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The WOKENESS Festival

 

WOKE?!?! is a series of dance and non-dance events intended to push against assumptions around race, equity, gender, and justice, while creating an environment for examining the presumptions around being “Woke.”

 

The dance events, choreographed and directed by Artistic Director Donald Byrd and performed by the Spectrum Dance Company, present these issues in a factually objective way, in order to engage with the material in a subjectively honest way. The dance aims to humanize the facts and numbers, face the unfaceable, and inevitably, disrupt the comfortable patterns of thought that have been previously resigned to the subconscious.

 

To complement the content of the dance presentations, the humanities component will offer non-dance event opportunities for conversation. With Vivian Philips as the producer and curator, these conversations will ideally illuminate the performance content while also creating deeper community dialogue.  The humanities component will deconstruct the content of the dance presentations while drawing attention to the state of affairs for persons of color in contemporary America in general and Seattle in particular.

WAKE UP! - Symone Sanders

What does it mean to be woke in American society? Join a series of conversations with leading local and national activists, to explore what WOKENESS is! Curated and moderated by Vivian Phillips.

Democratic strategist and CNN Political commentator, Symone draws from her experience on the national stage to provide perceptive analysis on political and social issues. Sanders challenges the conventional wisdom that strong communities are only defined by what we have in common.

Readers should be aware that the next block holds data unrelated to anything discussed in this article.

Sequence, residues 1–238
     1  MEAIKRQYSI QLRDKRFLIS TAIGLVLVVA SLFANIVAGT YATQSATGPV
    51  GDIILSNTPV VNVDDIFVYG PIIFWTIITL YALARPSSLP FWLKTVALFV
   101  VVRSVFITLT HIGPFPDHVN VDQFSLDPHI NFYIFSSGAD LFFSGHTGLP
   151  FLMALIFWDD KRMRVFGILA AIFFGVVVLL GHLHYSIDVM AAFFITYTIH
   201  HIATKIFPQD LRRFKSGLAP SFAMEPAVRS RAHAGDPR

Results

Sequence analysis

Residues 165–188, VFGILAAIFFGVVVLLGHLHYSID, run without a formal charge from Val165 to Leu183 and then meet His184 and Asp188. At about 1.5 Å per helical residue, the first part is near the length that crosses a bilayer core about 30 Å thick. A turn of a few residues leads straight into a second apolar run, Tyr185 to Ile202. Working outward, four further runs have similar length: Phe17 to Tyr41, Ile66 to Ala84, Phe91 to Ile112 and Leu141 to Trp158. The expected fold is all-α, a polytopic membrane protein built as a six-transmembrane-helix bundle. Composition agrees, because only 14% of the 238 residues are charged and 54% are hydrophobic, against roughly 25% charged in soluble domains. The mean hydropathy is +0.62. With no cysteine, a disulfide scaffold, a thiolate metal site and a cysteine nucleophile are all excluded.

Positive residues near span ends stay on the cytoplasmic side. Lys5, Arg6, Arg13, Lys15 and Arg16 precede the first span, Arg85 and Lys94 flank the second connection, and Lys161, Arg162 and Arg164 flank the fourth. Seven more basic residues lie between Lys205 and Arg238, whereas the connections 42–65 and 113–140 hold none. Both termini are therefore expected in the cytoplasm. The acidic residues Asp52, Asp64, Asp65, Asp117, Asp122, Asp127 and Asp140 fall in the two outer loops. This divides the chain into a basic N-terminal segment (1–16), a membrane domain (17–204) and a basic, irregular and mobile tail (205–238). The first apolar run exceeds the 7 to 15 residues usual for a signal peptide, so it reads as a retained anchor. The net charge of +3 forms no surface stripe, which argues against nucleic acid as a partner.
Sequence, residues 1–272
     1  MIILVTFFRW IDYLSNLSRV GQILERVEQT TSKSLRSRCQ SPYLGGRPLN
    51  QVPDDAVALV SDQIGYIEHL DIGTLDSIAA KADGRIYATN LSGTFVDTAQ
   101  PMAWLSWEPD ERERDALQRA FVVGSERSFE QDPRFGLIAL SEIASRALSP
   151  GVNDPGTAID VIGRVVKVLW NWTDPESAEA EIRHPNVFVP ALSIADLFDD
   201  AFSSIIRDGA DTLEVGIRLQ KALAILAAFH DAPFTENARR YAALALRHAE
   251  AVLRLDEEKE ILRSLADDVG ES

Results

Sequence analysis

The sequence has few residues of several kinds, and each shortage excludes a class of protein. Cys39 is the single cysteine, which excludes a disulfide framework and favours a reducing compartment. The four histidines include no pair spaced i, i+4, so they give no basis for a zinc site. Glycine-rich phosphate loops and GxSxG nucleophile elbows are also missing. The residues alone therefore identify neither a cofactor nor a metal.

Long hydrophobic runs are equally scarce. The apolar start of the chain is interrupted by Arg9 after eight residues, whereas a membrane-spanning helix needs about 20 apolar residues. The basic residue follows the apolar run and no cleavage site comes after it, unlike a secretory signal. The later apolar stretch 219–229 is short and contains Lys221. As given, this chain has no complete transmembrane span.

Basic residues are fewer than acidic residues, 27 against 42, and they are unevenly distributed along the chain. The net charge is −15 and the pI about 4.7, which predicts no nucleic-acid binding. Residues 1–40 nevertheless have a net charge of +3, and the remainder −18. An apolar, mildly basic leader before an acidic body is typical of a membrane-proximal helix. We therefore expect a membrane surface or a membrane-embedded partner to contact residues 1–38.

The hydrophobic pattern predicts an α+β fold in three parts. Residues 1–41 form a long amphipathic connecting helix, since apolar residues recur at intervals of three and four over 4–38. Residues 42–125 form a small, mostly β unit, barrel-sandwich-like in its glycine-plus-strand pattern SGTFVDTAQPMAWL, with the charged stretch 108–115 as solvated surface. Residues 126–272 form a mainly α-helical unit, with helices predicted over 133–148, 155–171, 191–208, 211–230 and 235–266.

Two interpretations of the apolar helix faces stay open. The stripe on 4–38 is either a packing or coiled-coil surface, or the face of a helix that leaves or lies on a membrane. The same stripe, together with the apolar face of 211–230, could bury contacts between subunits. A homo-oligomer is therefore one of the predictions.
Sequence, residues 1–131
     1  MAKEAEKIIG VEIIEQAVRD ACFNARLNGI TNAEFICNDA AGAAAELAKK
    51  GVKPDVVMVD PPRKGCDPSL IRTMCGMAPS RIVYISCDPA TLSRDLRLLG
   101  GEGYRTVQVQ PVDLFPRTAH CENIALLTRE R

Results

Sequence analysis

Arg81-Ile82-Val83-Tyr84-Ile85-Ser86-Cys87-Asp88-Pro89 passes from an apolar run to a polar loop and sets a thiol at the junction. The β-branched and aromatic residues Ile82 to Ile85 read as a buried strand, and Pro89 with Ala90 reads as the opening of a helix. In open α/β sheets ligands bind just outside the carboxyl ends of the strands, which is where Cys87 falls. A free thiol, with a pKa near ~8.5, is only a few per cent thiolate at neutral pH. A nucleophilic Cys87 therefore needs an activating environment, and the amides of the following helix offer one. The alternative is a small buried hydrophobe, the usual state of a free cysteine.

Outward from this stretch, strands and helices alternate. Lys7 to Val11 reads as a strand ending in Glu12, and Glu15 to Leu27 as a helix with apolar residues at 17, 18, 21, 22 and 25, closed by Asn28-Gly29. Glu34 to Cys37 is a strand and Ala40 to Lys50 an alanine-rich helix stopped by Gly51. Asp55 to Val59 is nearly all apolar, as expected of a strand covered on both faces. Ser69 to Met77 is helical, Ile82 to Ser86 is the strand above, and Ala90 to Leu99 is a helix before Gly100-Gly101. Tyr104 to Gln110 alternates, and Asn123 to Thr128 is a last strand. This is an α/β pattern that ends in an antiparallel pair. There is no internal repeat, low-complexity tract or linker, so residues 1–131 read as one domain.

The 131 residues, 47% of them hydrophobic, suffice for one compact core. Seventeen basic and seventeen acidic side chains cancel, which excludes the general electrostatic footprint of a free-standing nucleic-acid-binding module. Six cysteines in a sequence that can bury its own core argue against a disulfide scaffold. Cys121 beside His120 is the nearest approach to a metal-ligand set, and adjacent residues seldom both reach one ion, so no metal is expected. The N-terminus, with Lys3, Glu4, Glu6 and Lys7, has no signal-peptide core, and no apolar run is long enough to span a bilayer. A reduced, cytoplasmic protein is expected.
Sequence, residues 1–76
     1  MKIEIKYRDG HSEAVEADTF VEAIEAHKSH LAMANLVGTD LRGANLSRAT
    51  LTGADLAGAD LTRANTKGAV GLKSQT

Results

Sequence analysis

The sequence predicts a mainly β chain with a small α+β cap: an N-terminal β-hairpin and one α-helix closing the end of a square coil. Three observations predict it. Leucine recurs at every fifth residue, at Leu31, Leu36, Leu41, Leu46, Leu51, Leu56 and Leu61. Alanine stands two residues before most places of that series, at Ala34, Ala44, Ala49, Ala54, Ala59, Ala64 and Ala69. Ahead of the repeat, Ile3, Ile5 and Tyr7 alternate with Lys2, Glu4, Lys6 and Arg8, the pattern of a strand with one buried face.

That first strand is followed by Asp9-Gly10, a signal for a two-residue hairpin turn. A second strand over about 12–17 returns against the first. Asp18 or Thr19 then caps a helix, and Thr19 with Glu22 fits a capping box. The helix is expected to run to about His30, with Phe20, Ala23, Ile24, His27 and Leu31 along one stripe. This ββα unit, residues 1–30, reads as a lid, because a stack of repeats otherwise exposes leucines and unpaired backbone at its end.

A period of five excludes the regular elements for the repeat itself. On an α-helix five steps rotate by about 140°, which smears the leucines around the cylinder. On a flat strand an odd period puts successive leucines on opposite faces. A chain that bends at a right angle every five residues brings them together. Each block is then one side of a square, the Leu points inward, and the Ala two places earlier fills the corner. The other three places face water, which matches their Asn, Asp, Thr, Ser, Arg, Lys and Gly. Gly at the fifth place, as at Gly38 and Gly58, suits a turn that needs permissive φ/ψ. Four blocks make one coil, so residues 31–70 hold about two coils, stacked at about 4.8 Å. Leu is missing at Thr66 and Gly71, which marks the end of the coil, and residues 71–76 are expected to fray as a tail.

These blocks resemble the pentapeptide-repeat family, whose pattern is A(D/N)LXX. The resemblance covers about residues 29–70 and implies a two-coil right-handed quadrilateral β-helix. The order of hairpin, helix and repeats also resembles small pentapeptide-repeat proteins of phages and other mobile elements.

WAKE UP! - Natasha Marin and David Domke

What does it mean to be woke in American society? Join a series of conversations with leading local and national activists, to explore what WOKENESS is! Curated and moderated by Vivian Phillips.

Natasha Marin is a Seattle-based poet and interdisciplinary artist and founder of the Reparations site, a place where people of color could post needs, and white people could help meet those needs.

David Domke is a former journalist and a Professor and Chair in the Department of Communications at the University of Washington. He is an author, researcher and teacher focusing on issues of racial and religious identity in American politics.

WAKE UP! - Frank Leon Roberts

What does it mean to be woke in American society? Join a series of conversations with leading local and national activists, to explore what WOKENESS is! Curated and moderated by Vivian Phillips.

Social activist & NYU Professor of the nation’s first #BlackLivesMatter Course increases understanding of the history and significance of the Black Lives Matter movement while promoting education as a means to more effectively engage in community organizing. Roberts brings a deep historical knowledge of civil rights, African American literature, and race and ethnicity studies.

SHOT

“A presumption of guilt and dangerousness”…

Through visceral and urgent contemporary dance theater, you are invited to contemplate the alarming and continuous murder of black people by American law enforcement. SHOT is an unapologetic critique of the current American landscape, where black people find themselves in an intense cycle of fear, intimidation, aggression, and death.

Dance, Dance, Dance #2

This program represents the second iteration of this series (the first Dance, Dance, Dance program was presented in 2016 at The Moore Theatre). Dance, Dance, Dance programs are meant to showcase the dancers – their physicality, versatility and the unique way they respond to movement. One of the works on this program, Merce Cunningham’s Crises, is part of the GLOBAL CENTENNIAL CELEBRATION OF THE CHOREOGRAPHER’S LEGACY.

 

Dance, Dance, Dance #2 Works Include:

  • Crises † – Merce Cunningham, Part of the Global Centennial Celebration of the Choreographer’s Legacy
  • NEW Byrd – World Premiere
  • N O R A E F A (2017) *  – Vincent Michael Lopez

Strange Fruit

Strange Fruit draws its title from the 1937 poem and song of the same name by Abel Meeropol and made famous by the great jazz singer Billie Holiday. The lyrics are an extended metaphor linking a tree’s fruit with lynching victims. The impetus for this world premiere work is the employment of lynching as a tool of racial terrorism during the Jim Crow Era.

For this dance/theater work, the facts of lynching act as a springboard into a highly personal interior space and state of mind. Strange Fruit tracks choreographer Donald Byrd’s feelings as a response to lynching and plays out as a series of dance/theater vignettes. The piece is abstract but informed by the reality of these brutal acts of terrorism.